Wild animals belong in the wild. While this concept should be generally understood, many well-intentioned people believe that with enough love and care, keeping a wild animal as a companion animal can be okay. Of course, not all caretakers are the same, but, by and large, people take in wild animals before they fully understand the animals’ needs, behaviors, or even diet. As the result, there are thousands of exotic animals living in the United States as companion animals.
Maggie, the monkey, knows first hand what life as an exotic pet is like. Maggie was purchased “on a whim,” by a man in Indiana who was ill-equipped to care for her. Unable to care for Maggie, the man’s elderly mother took over caring for the little monkey – she was also unprepared to meet the needs of this monkey. Maggie’s caretaker had attempted to find a new home for Maggie on several occasions, but was never successful. Finally it became clear that Maggie would have to go when the woman’s home insurance company threatened to revoke her policy if the monkey was not removed. Thankfully, hearing of Maggie’s plight, PETA stepped into action.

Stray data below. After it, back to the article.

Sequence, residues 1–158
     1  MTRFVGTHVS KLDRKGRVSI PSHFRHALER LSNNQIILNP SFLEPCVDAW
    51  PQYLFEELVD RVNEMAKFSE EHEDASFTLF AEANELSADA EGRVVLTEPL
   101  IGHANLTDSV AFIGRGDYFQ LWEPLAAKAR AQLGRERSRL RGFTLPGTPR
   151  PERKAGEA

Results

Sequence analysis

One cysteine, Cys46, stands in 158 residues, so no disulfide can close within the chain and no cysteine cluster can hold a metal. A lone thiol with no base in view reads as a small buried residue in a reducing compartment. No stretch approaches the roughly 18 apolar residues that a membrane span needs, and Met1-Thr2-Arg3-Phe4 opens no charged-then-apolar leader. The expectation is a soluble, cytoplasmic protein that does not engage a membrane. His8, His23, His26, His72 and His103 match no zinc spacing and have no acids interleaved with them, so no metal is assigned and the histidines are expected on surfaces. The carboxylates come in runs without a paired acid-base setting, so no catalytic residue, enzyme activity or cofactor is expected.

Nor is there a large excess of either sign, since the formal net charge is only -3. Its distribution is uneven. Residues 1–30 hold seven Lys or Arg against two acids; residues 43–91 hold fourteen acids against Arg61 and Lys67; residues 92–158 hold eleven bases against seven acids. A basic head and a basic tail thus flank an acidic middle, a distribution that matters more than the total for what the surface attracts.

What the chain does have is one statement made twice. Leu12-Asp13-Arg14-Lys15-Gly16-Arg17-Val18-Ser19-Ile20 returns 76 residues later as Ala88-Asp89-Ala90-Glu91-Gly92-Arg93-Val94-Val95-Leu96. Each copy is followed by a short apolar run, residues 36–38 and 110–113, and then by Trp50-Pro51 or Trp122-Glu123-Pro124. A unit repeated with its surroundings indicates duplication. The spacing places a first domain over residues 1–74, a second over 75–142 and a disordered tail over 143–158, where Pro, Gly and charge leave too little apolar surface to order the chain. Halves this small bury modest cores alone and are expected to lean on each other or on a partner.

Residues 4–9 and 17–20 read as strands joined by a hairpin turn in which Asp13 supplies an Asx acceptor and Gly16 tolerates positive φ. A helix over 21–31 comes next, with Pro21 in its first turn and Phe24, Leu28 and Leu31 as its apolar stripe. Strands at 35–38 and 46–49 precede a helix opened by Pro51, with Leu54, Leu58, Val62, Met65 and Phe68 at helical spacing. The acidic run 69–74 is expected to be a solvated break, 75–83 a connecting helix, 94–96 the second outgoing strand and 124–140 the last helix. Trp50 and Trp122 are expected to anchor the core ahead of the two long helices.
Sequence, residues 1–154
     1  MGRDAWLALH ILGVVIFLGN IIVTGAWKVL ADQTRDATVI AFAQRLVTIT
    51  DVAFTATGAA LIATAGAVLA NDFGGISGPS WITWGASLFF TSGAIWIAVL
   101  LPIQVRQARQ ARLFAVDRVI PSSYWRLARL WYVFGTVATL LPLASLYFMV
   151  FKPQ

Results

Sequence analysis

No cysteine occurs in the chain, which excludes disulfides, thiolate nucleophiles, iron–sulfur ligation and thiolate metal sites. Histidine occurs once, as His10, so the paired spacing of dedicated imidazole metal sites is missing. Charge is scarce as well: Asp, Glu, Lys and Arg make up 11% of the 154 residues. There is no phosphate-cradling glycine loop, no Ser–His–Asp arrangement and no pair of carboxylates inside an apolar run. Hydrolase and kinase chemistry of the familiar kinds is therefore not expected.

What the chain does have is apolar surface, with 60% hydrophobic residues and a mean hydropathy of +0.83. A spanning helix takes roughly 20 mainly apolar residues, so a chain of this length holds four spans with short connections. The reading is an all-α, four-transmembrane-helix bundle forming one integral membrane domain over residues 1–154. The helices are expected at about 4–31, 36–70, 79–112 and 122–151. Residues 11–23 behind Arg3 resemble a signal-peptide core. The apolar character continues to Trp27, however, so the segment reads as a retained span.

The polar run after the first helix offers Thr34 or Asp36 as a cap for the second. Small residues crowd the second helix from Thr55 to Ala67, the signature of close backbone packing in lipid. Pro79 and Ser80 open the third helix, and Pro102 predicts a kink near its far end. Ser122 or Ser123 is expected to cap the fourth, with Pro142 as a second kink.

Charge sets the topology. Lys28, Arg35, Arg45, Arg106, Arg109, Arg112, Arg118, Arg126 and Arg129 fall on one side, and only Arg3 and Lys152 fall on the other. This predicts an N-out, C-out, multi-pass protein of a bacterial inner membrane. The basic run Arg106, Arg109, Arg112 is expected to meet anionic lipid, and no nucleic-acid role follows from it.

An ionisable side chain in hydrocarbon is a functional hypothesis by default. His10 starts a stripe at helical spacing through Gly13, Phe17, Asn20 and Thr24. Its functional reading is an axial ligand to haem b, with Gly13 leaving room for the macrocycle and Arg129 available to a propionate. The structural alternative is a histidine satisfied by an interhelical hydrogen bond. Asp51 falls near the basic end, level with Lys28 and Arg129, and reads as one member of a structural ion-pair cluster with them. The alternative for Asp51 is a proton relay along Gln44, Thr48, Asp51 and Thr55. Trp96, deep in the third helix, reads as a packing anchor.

Maggie lived in this cage for 10 long years.
Her caretaker had little knowledge of what a proper diet for monkeys consisted of. Maggie was fed primarily junk food and french fries.
PETA workers set out to rescue the poor monkey, transporting her to a Primate Rescue Center in Kentucky. PETA writes on their blog, “During the two-and-a-half-hour drive, Maggie clutched her pink blanket and gazed with fascination out the window of the car at the passing scenery.“
It was discovered that Maggie was suffering from a serious fungal infection and gastrointestinal disease, likely from years of eating junk food. Maggie was also deeply depressed from years of living alone. The television was Maggie’s only company in Indiana, and she refused to eat unless the TV was on.
Once her condition improved, Maggie was clear to travel to her final destination, the Wildlife Rescue and Rehabilitation sanctuary in Texas. Maggie had not seen another monkey for over 10 years, but here she has nine other monkey friends.
Maggie’s progress has been amazing so far. She loves her new home and diet including fresh fruit – watermelon is her favorite! Once she is fully acclimated, she will have full access to the sanctuary where she is free to climb trees and splash around in a pool with her new monkey companions.
Enjoy your new home Maggie!
All image source: PETA